You know it’s coming.
You have dreaded it for months, or at least weeks.
The Season Finale of your favorite TV show … and worse, that cliffhanger right at the end, and nothing for months.

You really want more. Another episode next week; the next chapter of the story.

With many ventures I have made a mistake. I set the expectation of perpetual production. Two episodes per week. One episode per month. One post per day. Sixteen hours per day. Fifty hours per week.

Each was a mistake.

Each venture was missing a designated reevaluation date, a predetermined season. Instead of just starting out with a goals, each needed to have a point where you are forced to review, reflect, and make a decision to continue in the same, similar, or different direction. On a personal level humans sometimes need  sabbatical (breaks from your normal) or a sabbath (day of rest each week).

When looking at media projects, especially podcasts, there are three natural seasons. Think of school semesters, or when TV seasons are on the air.


Spring – January to April
Summer – May to August
Fall – September to December

During the summer an audience typically dwindles; there are just too many other options out there. It’s also harder to produce during those three or four months. Another extremely hard time is the winter break around Christmas and New Years. If you have children, the time around the end of school & beginning of a new school year is also hard & both fall in that summer season.

If you start a new show in January, around the beginning of April you know you need to make a decision:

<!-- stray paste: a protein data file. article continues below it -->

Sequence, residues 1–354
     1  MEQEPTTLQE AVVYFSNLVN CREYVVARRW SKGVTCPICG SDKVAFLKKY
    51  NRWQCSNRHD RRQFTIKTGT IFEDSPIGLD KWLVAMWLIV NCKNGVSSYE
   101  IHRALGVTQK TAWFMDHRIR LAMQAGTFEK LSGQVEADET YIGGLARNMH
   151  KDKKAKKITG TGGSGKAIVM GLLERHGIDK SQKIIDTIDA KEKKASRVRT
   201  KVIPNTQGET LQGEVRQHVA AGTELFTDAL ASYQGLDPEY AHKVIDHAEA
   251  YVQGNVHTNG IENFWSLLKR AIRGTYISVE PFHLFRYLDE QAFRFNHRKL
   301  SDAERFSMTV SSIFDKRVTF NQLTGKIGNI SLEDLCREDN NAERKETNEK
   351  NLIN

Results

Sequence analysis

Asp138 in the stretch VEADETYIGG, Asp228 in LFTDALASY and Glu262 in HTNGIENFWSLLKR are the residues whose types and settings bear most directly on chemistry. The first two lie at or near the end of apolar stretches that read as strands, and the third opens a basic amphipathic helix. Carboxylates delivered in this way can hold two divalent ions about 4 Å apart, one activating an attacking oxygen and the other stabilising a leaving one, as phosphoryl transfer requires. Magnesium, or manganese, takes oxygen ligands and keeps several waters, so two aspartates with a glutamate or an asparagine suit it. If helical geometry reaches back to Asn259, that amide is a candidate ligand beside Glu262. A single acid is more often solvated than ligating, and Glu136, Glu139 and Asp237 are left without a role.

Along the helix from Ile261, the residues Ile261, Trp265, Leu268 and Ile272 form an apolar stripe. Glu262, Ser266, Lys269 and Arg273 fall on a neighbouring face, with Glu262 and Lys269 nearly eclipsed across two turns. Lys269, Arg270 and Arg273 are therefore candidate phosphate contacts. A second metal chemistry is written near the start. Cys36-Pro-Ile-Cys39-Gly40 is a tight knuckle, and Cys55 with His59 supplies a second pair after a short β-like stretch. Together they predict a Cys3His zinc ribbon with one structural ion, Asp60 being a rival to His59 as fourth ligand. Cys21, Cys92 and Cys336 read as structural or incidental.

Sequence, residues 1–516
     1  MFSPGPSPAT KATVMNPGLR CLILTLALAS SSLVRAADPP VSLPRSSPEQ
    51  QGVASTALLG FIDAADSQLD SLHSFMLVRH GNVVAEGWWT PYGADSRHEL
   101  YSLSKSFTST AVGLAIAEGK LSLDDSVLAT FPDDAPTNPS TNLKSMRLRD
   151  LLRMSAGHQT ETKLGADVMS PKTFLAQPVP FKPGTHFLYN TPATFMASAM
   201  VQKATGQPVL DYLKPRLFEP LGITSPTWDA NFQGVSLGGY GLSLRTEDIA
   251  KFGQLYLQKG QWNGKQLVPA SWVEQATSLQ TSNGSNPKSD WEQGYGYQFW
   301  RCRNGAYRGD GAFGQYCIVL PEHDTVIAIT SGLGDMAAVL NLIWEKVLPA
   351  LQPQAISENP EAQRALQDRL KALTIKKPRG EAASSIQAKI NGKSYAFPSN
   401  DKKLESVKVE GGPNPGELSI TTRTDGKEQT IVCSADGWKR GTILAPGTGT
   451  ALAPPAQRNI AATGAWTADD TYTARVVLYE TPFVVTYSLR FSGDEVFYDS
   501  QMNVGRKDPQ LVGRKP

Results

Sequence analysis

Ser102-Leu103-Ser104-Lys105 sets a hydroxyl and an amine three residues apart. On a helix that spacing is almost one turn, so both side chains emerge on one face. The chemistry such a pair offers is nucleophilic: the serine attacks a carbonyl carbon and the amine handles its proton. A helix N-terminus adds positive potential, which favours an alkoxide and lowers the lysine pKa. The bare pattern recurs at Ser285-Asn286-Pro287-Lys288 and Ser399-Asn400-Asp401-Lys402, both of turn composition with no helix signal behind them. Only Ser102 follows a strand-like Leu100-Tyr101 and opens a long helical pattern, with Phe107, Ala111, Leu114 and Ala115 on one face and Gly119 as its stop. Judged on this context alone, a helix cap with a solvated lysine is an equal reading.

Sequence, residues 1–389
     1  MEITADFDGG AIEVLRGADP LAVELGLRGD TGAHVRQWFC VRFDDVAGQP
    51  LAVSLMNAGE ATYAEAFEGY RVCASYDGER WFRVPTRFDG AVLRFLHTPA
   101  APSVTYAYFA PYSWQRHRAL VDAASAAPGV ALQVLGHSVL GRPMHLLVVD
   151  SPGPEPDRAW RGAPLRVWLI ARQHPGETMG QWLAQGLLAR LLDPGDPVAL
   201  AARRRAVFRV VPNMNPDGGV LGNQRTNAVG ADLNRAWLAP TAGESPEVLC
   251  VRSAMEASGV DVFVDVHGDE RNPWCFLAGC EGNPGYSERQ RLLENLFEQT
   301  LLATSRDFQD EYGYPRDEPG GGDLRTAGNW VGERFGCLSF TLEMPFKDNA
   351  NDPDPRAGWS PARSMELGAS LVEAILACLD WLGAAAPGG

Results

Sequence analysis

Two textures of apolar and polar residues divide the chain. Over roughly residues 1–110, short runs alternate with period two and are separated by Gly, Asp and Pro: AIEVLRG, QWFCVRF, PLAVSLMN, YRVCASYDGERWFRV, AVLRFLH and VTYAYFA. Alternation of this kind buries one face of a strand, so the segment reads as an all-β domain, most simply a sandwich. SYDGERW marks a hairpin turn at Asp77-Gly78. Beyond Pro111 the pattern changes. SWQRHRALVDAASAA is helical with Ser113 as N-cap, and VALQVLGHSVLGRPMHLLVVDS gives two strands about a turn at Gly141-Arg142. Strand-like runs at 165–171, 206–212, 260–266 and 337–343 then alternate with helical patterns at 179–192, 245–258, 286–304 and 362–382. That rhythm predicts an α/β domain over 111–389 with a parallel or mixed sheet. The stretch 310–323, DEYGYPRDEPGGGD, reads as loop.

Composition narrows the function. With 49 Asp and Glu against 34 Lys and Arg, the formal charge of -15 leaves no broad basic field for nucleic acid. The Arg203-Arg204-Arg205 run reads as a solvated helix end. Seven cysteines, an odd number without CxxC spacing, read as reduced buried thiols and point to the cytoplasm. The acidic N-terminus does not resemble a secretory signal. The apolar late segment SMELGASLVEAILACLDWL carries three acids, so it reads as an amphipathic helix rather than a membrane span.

• Continue into May and commit to release until August
  • Skip the Summer season and restart in the Fall
  • Stop with no expected return date

Continuing to do what you have been doing until something major breaks is a poor way to build your dream.

To succeed you must first have a vision. The vision provides the energy in the form of passion. Because of your vision and passion you must be disciplined. Sticking to planned seasons is one form of discipline. Because of your discipline, passion, and vision you take calculated risks. That’s the best path to success I know.

The key is to find the natural break points, or seasons & actually have the discipline to take a break. If you don’t know of a natural season, then take a break as soon as you can. Do the hard work of honest reflection, evaluation, and planning for the next phase. Lastly, communicate with your fans, customers, and all other stakeholders. The only thing worse than your favorite TV show ending a season is not having a clue when it will be back on.

3 Replies to “Seasons”

    1. thanks Jeff, part of it all is figuring out what is natural for you, then finding systems that keeps you from the potentially negative results of just doing what is natural.

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